Colorado Lands with Wilderness Characteristics Fund: Request for Full Proposals 2023

Full Proposal Due Date: March 16, 2023


The National Fish and Wildlife Foundation (“NFWF”) requests Full Proposals under the Colorado Lands with Wilderness Characteristics Fund (“Fund”) for projects that will restore, reclaim, preserve, conserve, and/or enhance wilderness characteristics in Colorado. NFWF established and administers the Fund with monies it received as compensatory mitigation for authorized impacts of the Gateway South Transmission Project to Lands with Wilderness Characteristics (“LWC”) in Colorado, as approved by the Bureau of Land Management (“BLM”) and its Record of Decision for the project.

NFWF, as the administrator of the Fund, will accept Full Proposals for projects through Thursday, March 16, 2023 at 9:59pm Mountain time. All proposed projects must provide adequate information in accordance with the evaluation criteria outlined below. Full Proposals will be reviewed and evaluated as described below. Funding awards will be made by NFWF to selected applicants for projects that best satisfy the evaluation criteria, as verified and approved by BLM. Thereafter, NFWF will execute project funding agreements with awardees that will implement the projects in accordance with the respective Full Proposals, applicable laws, and the terms and conditions of such project funding agreements with monies provided from the Fund. 

The requirements for responding to this Request for Proposals ("RFP") are described in the sections below. The process for responding to this RFP will be conducted using the NFWF Easygrants online application system as described in the How to Apply and Timeline sections at the end of this RFP. 

Geographic Focus

The Fund will fund projects located in Colorado, within lands determined by the BLM to possess wilderness characteristics (as further described below), or lands that are eligible for wilderness characteristics inventory. Such lands may include designated Wilderness areas, Wilderness Study Areas (“WSA”), and other lands managed to preserve wilderness characteristics.  All project activities are to be located either on federal (public) lands within the following BLM administrative areas, listed here in descending order of priority: Little Snake Field Office and White River Field Office, Northwest District, and other BLM Offices in Colorado; or on non-federal lands adjacent to public lands identified as possessing wilderness characteristics. A map of these areas is shown here.

Funding Available

NFWF expects to award up to approximately $5.14 million from the Fund to projects through this RFP. Up to approximately $1.28 million of this amount may be made available for public outreach, education, and interpretation projects.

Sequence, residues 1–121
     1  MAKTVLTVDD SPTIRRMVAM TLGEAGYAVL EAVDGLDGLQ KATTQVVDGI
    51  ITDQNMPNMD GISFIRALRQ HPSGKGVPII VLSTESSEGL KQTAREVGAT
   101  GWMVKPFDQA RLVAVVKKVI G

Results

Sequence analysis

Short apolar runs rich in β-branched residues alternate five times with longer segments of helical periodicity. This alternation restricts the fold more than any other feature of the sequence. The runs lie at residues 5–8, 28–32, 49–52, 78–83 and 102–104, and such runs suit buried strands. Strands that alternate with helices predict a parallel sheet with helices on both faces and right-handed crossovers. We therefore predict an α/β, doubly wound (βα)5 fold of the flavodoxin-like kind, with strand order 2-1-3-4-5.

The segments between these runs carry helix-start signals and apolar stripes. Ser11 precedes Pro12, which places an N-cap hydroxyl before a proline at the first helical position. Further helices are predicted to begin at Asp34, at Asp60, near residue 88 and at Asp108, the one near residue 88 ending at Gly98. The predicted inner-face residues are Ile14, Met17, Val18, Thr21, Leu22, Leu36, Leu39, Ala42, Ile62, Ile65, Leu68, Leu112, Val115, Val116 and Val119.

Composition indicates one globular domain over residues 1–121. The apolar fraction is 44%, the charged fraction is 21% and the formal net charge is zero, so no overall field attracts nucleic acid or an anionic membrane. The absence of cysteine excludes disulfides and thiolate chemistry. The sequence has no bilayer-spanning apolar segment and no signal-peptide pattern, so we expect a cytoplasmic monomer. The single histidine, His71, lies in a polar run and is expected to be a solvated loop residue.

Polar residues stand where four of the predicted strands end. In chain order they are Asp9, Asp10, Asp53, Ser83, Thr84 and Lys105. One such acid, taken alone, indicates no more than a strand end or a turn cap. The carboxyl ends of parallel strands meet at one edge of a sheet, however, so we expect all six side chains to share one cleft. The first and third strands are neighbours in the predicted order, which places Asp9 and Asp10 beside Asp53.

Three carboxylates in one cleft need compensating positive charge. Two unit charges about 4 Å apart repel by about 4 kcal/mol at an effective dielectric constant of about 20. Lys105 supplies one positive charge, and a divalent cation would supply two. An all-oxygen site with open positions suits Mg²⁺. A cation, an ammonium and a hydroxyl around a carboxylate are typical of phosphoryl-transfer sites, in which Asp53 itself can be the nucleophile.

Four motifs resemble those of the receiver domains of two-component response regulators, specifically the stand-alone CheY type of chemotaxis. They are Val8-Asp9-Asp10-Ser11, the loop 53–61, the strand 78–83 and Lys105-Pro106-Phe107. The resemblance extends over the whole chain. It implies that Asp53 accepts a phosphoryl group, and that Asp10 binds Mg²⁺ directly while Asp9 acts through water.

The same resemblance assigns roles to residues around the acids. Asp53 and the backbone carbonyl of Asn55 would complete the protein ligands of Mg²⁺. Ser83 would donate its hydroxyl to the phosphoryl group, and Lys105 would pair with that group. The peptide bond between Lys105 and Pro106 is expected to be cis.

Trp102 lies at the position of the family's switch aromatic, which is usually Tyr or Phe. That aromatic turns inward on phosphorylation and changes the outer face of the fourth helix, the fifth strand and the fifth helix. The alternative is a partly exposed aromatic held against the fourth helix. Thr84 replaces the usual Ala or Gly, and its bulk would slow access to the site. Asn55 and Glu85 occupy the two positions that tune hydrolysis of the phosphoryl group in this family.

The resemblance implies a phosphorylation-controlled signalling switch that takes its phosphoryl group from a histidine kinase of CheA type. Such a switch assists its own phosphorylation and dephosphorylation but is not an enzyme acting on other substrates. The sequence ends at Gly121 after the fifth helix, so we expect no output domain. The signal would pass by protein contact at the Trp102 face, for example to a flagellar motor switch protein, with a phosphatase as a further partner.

Matching contributions are not required for projects submitted for consideration under this RFP, but may make project proposals more competitive.

Funding Priorities

As established under the Wilderness Act of 1964, wilderness character is described as a combination of biophysical, experiential, and symbolic ideals that distinguishes wilderness from other lands. Land management agencies identify and define five tangible qualities of wilderness character as: untrammeled; undeveloped; natural; solitude or primitive and unconfined recreation, as well as unique or other features of value. 

  1. The untrammeled quality refers to conditions that remain unhindered and free from modern human control or manipulation. 
  2. The undeveloped quality refers to an area that is without permanent improvements or modern human occupation, including the presence or use of motor vehicles and mechanized equipment. 
  3. The natural quality refers to an area affected primarily by the forces of nature where the natural ecosystem is largely intact and functioning free from modern human influence. 
  4. Solitude is described as the state of being alone or remote from habitations or the sights and sounds of other people. Primitive and unconfined recreation includes activities that provide dispersed, undeveloped recreation, do not require facilities or motorized equipment, and are enjoyed without unnecessary management restriction.
  5. Unique or other features of value are not required to be found in wilderness but may include resources of cultural, historical, scenic, ecological, geological, and/or scientific interest.

Wilderness characteristics are interpreted from the definition of “wilderness” in section 2(c) of the Wilderness Act and present in all designated WSAs and lands managed to protect wilderness characteristics. Wilderness characteristics include the following: